Qgiv, a leader in IT donation solutions, released an interesting report on what technology donor’s are using.
“Based on the analysis of more than 320,000 donations across 165,000 users, Qgiv found that Gmail, Safari and Mac OS users averaged more per donation than their technology counterparts.”
By studying a year of individual donations of 1,000 charitable organizations, Qgiv found some interesting giving trends.
Here’s a closer look at their findings:
Charitable Giving by Email Address
What does your email address say about your giving?
Here’s a snapshot of Qgiv’s findings–by email type and donation average:
- Unique/Corporate/Other email–$165 per donation
- Gmail – $143 per donation; (13 percent less than unique/corporate email donors)
- AOL – $138 per donation; (16 percent less than unique/corporate email donors)
- Hotmail – $128 per donation (22 percent less than unique/corporate email donors)
- Yahoo – $120 per donation (27 percent less than unique/corporate email donors)
Charitable Giving by Browser
How about your web browser?
Perhaps there’s a sub-plot with these numbers and this has more to do with OS? Look at the numbers and tell me what you think.
- Safari – $168 per donation
- Chrome – $153 per donation (9 percent less per donation than Safari users)
- FireFox – $140 per donation (17 percent less per donation than Safari users)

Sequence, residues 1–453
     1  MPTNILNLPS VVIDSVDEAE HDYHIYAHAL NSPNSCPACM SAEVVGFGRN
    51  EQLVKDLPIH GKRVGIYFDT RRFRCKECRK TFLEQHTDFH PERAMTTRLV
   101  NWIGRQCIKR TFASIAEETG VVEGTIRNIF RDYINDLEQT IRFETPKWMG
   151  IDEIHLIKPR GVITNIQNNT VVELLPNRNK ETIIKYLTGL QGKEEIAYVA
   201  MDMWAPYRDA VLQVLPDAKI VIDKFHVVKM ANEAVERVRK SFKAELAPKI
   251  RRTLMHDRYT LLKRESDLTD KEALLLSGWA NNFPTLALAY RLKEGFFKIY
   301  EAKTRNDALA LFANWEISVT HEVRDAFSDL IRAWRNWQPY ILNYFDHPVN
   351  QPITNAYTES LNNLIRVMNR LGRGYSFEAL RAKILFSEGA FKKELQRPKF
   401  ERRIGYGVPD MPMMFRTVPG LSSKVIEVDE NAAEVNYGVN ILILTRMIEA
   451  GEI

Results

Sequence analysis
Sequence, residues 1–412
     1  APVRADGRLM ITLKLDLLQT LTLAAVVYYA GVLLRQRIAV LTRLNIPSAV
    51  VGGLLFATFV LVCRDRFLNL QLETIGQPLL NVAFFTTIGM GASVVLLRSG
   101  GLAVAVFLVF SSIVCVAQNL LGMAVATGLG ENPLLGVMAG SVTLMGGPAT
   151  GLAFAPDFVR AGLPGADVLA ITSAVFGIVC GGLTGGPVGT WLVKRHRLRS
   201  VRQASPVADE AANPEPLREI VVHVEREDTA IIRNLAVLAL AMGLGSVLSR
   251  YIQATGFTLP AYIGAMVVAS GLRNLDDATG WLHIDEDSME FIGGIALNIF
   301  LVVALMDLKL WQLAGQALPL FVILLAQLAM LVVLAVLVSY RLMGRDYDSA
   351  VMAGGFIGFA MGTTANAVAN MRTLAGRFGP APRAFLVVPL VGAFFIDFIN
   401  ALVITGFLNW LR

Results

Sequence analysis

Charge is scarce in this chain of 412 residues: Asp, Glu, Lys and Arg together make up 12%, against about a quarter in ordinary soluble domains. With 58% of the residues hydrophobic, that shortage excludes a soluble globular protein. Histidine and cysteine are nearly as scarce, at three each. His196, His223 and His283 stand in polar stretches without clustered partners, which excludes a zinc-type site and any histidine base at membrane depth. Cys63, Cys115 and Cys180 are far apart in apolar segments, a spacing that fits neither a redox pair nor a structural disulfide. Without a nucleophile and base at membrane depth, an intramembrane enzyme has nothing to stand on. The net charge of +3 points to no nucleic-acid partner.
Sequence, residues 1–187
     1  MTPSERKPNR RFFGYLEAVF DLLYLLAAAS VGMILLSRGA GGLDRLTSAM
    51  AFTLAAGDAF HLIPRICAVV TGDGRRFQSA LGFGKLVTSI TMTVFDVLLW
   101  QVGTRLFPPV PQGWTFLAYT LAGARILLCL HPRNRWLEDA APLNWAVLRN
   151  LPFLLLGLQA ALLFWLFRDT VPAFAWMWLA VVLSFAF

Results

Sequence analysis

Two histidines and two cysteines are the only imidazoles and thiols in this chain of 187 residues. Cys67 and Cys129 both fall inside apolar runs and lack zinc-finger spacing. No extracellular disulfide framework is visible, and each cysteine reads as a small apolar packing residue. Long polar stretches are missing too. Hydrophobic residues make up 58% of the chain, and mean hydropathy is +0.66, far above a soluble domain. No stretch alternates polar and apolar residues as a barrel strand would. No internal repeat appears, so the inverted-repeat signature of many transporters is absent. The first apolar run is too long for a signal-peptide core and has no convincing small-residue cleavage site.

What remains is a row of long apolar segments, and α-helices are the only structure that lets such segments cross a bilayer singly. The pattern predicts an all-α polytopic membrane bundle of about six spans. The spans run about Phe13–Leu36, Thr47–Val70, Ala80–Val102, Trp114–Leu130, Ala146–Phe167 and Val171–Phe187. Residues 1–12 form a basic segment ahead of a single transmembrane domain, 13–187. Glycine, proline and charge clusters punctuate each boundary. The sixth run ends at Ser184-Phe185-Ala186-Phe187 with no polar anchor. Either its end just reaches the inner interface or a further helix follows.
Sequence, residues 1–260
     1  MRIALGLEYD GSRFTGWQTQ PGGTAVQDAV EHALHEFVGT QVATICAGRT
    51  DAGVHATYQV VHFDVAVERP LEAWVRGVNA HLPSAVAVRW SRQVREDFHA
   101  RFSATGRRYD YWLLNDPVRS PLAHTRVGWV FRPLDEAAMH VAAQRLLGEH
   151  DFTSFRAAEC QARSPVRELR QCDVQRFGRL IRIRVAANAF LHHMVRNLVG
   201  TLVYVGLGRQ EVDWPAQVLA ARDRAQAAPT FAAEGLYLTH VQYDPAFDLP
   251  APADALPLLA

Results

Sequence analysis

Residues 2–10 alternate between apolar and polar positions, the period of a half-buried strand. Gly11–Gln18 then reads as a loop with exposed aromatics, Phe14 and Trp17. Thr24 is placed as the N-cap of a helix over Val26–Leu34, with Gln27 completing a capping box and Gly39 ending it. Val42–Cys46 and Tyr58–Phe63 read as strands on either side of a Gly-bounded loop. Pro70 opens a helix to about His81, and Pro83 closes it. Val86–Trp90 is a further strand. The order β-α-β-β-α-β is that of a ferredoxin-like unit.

- Internet Explorer – $138 per donation (18 percent less per donation than Safari users)
Chartable Giving by OS
When you look at the browser numbers along with these, it makes sense. Not many Windows users go out of their way to use Safari.
- Mac – $182 per donation
- Windows – $137 per donation (25 percent less than Mac users)
Before anyone feels “high and mighty,” I can only think about the old widow women who only gave a little when compared to the rich man, but it was the old widow women who gave everything she had.
As for these statistics, I think this may have more to do with user confidence than anything else. When you talk about someone with a unique email address and uses a Mac with Safari, there is going to be a good deal of tech savvy, graphic designers, web developers and creatives. These are the kinds of people who are familiar and comfortable enough with web technology to give larger sums of money, online. Whereas those who have less confidence are more likely to call or mail a check for their donation.
None the less, we can see again the importance of non-profits and churches to make it easier for users to donate.